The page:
Academic journal article Journal of Marital and Family Therapy

Incorporating Sexual Orientation into MFT Training Programs: Infusion and Inclusion

Academic journal article Journal of Marital and Family Therapy

Incorporating Sexual Orientation into MFT Training Programs: Infusion and Inclusion

Article excerpt

Many authors have questioned the preparedness of family therapists to deal with sexual minority clients. Even though the Commission on Accreditation for Marriage and Family Therapy Education (COAMFTE) has called for the integration of sexual orientation into the curriculum of marriage and family therapy training programs, the subject continues to be marginalized. The purpose of this article is to encourage trainers to examine their programs' curricula for evidence of heterosexist bias and introduce ways that they might integrate issues related to same-sex affectional and sexual orientations into their programs via the classroom and the clinic.

It is estimated that approximately 50 million people in the United States are lesbian, gay, bisexual, or transgendered (LGBT), or are related to someone who is (Patterson, 1995), and therapists report considerable personal and professional contact with gays and lesbians. For example, a survey of 457 clinical members of the American Association for Marriage and Family Therapy (AAMFT) indicated that 72% of the respondents reported that one-tenth of their practices consisted of lesbian and gay clients (Green & Bobele, 1994). In addition, 70% of the sample had a personal (nonprofessional) relationship with a gay man or lesbian. Although this survey did not address the extent to which therapists believed they were prepared to work with gay men and lesbians in their clinical practice, Doherty and Simmons (1996) found that a little more than 50% of marriage and family therapists (MFTs; N = 526) in their study felt competent in treating lesbians and gay men. This low level of competency may originate from numerous sources, and clinical training is an ideal place for these issues to be addressed.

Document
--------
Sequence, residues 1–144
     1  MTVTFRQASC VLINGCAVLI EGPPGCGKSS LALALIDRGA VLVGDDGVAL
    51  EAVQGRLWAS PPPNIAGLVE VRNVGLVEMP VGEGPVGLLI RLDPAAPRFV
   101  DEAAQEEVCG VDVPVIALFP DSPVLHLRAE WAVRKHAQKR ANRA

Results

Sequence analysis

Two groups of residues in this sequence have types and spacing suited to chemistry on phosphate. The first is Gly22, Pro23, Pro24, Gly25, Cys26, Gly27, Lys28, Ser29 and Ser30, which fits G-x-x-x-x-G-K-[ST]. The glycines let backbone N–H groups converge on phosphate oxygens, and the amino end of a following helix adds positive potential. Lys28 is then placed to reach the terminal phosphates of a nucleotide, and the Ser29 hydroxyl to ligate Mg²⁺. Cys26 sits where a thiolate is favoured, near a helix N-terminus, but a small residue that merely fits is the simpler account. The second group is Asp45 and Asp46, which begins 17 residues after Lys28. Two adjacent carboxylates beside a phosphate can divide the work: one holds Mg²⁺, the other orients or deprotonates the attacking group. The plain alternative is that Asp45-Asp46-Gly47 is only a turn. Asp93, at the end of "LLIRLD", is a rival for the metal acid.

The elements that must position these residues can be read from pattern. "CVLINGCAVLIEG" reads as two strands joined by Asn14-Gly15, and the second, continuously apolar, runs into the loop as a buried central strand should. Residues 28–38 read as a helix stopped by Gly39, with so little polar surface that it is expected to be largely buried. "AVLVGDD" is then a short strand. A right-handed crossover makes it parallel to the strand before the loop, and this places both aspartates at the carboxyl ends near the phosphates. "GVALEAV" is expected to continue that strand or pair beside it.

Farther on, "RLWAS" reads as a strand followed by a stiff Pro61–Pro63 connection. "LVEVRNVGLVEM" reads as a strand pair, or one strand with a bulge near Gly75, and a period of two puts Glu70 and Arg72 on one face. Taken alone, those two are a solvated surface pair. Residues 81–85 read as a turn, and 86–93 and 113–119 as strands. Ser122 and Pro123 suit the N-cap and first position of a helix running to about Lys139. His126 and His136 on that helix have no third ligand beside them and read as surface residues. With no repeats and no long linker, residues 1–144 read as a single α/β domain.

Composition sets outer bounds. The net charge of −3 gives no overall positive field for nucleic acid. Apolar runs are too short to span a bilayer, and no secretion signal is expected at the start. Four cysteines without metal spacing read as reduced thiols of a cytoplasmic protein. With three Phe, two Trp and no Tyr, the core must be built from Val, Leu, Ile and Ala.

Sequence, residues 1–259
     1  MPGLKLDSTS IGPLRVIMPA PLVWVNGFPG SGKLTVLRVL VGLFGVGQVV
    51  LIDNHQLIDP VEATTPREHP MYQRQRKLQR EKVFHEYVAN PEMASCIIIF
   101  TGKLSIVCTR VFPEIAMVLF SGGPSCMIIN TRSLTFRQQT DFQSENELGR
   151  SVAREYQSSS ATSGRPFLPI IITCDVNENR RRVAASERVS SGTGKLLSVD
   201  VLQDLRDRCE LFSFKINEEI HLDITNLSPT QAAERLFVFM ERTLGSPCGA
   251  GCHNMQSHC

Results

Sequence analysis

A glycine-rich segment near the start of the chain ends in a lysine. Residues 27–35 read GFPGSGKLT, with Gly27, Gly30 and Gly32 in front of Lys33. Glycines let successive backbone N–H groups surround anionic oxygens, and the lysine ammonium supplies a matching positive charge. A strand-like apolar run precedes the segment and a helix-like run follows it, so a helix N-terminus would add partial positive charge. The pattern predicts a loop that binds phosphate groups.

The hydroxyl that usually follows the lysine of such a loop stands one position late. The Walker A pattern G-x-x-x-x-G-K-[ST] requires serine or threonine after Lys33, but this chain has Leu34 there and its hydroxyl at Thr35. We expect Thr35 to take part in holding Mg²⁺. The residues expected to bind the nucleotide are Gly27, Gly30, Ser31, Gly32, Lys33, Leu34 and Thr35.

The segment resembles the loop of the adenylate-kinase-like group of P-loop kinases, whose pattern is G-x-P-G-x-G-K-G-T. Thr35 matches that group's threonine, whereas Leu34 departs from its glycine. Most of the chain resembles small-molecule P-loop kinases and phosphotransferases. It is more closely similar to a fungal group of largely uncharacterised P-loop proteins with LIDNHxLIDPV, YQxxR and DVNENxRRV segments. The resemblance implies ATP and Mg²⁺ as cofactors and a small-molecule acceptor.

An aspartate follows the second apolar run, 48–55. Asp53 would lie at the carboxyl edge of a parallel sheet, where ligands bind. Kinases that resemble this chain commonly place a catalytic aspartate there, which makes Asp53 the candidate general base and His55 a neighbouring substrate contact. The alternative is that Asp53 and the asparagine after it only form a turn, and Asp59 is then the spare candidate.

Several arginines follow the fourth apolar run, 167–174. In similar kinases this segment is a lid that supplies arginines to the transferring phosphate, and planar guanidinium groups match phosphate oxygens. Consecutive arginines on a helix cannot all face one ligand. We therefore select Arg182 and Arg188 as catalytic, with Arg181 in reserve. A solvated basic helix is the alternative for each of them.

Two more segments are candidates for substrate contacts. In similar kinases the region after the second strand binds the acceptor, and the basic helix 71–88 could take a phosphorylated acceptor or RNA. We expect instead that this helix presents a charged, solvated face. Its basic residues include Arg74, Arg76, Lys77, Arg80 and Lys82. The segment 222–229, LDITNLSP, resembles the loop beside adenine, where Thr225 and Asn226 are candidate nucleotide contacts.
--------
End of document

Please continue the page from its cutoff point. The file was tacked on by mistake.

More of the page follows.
In his book, The Courage to Teach: Exploring the Inner Landscape of a Teacher's Life, Palmer (1998) wrote about "a culture of fear" (p. 35) that often grips those of us who teach in the academy. He described this fear as distancing us from our students, our colleagues, our research participants, and ultimately ourselves. Palmer outlined four layers of fear: the threat of a live encounter in which the other is free to speak his or her own truth, which we may not wish to hear because it might challenge us in some way; the fear of conflict that will emerge when two divergent truths meet; the fear of losing our own sense of self; and the fear that we may be challenged to change our lives and thus the way that we teach. Students are also subject to fears: fear of failing or not understanding; fear of being drawn into issues that they would rather avoid; fear of having their lack of knowledge or prejudices exposed; and fear of looking foolish in front of their peers (Palmer, 1998). In addition to Palmer's suggestions, we add to this discussion the fears of both faculty and students that their values may not be respected. Consider, in our heterosexist society, all of the multiple levels of fear that might surround the inclusion of sexual minorities in MFT training programs and the infusion of relevant material in MFT curricula. How will we get beyond our fears? Bellah (1987) stated:

The university is not only a place for specialized research and the acquisition of skills. It is also a community of interpreters ... including both teachers and students as they attempt to understand the past that defines them and engage the past in a critical dialogue about our present problems .... Learning in such a community is not a matter of acquiring skills or accumulating objective knowledge alone. It is also a process of critical self-reflection, about both ourselves and our world, that calls upon our hearts as well as our minds, and that has the capacity to change both ourselves and the society in which we live. (pp. 9-10)

ARE FAMILY THERAPISTS PREPARED TO WORK WITH SEXUAL MINORITY CLIENTS?

The Commission on Accreditation for Marriage and Family Therapy Education (COAMFTE) has called for the integration of sexual orientation into the curriculum of MFT training programs; however, we argue that the subject continues to be marginalized. …

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